Article Source: SHNS
Author: Sam Doran
Departure Would Drop Republican Ranks to 28 In 160-Seat House
The Republican ranks in the Massachusetts House may soon grow even lighter as Gov. Charlie Baker on Wednesday nominated a Groton GOP lawmaker for a court post.
Baker nominated Rep. Sheila Harrington, the ranking Republican member of the Judiciary Committee, to serve as clerk magistrate of the Gardner District Court.
Harrington’s nomination needs confirmation by the Governor’s Council, which approves the vast majority of court appointments.
Councilor Eileen Duff on Wednesday scheduled a public hearing on Harrington’s nomination for Wednesday, Feb. 9 at 10 a.m.
An attorney, Harrington was first elected to the House in 2010 in a district that runs along the New Hampshire border, including Ashby, Townsend, Pepperell, Dunstable, Groton, and part of Ayer. She served on the six-member conference committee that crafted the compromise version of a sweeping criminal justice reform bill in 2017-2018.
She narrowly won her most recent reelection bid in 2020, keeping her First Middlesex House seat with 51.5 percent of the vote against Democratic challenger Deborah Busser, also of Groton.
Harrington broke with the GOP caucus last year as the only Republican to vote against restoring an eight-year term limit for House speakers, and again as the sole Republican to vote in favor of the House’s vaccine mandate for lawmakers and staff working in-person at the State House.
The House Republican caucus has already dropped by six members in the last four years. The roster has stood at 29 members, or around 18 percent of the House, since Rep. Brad Hill resigned last September for a post on the state Gaming Commission.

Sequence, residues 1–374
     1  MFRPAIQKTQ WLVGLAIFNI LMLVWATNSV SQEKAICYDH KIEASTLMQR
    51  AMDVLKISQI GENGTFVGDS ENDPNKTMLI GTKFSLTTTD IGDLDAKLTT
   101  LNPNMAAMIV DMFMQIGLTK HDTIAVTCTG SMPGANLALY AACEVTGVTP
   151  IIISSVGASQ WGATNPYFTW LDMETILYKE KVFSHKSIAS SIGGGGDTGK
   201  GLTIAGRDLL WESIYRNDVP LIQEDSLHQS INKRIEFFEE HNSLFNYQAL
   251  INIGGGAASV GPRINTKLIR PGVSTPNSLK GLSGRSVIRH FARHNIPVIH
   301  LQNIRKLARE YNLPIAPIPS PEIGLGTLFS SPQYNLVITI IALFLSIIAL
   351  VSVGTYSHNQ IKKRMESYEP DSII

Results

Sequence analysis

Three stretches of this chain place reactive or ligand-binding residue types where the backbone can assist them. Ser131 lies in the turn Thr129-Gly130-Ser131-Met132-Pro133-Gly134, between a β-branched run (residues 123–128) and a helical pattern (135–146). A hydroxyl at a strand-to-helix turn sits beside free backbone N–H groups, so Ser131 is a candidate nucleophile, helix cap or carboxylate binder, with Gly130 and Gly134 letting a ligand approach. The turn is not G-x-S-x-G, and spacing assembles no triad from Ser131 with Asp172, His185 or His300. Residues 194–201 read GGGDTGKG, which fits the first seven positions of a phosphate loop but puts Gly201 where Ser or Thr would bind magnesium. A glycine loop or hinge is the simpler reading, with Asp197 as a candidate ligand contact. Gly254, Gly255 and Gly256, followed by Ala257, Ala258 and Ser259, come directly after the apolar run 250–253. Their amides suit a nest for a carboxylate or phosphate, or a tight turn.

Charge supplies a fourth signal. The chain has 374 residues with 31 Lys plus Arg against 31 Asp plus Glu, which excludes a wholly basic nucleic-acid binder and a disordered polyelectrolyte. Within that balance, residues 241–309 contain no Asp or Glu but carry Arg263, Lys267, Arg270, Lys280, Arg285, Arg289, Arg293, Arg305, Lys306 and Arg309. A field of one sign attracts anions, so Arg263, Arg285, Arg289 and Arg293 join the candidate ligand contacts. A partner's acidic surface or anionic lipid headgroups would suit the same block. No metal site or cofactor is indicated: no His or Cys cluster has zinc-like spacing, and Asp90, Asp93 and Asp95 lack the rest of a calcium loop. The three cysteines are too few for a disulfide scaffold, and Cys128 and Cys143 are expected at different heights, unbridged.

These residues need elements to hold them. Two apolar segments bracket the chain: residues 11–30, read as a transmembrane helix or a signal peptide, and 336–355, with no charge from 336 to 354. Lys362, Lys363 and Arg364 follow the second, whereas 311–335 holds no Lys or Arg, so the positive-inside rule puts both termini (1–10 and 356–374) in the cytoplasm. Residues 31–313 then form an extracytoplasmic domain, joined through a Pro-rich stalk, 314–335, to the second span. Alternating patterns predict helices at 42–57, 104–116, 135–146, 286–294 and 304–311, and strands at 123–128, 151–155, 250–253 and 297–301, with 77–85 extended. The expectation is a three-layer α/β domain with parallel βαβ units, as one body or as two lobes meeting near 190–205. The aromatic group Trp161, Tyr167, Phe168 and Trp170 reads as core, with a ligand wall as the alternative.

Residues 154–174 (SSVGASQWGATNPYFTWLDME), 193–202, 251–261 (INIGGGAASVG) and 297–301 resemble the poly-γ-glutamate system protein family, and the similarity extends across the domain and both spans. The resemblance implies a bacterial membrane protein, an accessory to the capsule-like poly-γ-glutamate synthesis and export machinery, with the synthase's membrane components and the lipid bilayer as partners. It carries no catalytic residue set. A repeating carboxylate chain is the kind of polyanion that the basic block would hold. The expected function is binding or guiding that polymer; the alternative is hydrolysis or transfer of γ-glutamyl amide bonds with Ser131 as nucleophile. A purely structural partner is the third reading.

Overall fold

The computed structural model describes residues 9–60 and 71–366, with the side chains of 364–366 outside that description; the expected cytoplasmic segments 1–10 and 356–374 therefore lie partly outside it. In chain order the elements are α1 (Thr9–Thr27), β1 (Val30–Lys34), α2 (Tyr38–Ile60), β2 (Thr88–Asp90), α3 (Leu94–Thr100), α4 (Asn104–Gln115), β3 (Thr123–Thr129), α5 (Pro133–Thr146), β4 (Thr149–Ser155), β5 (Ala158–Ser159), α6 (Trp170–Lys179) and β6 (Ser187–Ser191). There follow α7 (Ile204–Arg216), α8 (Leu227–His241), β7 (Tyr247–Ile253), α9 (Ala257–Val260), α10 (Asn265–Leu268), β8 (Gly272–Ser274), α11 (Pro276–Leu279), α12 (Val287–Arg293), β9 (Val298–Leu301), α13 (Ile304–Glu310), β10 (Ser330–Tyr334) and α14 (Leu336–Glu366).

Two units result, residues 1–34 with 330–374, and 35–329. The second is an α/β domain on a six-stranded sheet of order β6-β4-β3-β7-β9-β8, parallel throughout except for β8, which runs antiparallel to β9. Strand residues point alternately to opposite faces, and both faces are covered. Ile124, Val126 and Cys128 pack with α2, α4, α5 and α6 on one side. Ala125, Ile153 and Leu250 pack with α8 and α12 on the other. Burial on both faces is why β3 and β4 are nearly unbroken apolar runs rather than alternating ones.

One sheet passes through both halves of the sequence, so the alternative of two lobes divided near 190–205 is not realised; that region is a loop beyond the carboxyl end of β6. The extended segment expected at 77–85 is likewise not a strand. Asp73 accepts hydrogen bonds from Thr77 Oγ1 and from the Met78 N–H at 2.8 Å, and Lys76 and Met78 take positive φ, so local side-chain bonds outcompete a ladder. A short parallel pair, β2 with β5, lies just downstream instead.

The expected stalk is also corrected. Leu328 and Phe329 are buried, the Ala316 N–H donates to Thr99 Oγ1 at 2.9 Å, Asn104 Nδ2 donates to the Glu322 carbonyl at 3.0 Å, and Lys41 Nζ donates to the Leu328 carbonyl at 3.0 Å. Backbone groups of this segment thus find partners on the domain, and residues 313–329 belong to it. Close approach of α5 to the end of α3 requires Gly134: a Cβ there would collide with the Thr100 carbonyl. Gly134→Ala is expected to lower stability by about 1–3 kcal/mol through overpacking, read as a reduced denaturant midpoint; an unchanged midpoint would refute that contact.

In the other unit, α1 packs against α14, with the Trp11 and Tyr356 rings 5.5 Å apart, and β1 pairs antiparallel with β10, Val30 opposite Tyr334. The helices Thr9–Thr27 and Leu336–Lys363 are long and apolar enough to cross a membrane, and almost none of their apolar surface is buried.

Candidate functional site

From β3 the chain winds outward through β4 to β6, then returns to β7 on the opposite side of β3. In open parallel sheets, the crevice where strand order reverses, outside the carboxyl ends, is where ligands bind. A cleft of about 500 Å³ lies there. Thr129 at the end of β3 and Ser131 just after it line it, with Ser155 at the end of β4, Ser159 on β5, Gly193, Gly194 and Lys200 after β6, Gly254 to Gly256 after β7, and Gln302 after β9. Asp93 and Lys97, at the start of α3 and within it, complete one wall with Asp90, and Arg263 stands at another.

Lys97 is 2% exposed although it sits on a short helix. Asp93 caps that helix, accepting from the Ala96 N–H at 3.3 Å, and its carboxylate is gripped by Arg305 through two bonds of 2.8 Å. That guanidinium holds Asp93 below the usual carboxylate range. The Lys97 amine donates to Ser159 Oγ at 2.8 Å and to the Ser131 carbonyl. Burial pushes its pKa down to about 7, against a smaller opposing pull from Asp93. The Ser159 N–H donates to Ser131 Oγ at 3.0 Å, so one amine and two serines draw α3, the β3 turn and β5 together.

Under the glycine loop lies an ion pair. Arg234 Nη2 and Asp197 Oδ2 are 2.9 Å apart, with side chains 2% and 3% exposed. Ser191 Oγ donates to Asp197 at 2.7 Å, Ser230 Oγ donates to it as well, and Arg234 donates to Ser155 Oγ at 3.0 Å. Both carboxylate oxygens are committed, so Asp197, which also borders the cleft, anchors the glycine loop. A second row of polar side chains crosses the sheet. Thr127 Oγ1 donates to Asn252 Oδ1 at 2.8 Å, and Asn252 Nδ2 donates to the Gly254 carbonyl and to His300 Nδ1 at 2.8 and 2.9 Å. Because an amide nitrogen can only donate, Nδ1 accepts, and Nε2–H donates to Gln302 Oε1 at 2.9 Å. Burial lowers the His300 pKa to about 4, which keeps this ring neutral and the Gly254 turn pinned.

A 1985 New England School of Law graduate, Harrington, 61, has operated her own law office in Groton and Harvard since 2000, according to her resume, focusing on family law, personal injury, and general litigation, and real estate conveyancing.
She was previously a partner in firms Alter & Harrington and Casey & Harrington, and was an associate in the Fitchburg law offices of George Watts and the Harvard firm of Robert Casey Jr. She was also a liability claims supervisor in the bodily injury claims unit at The Travelers Companies.
The top clerk position in Gardner opened up last spring, according to the governor’s nomination letter, when Clerk Magistrate Whitney Brown departed to accept a District Court judgeship. Unlike judgeships, which come with a mandatory retirement age of 70, clerk magistrates receive a lifetime appointment.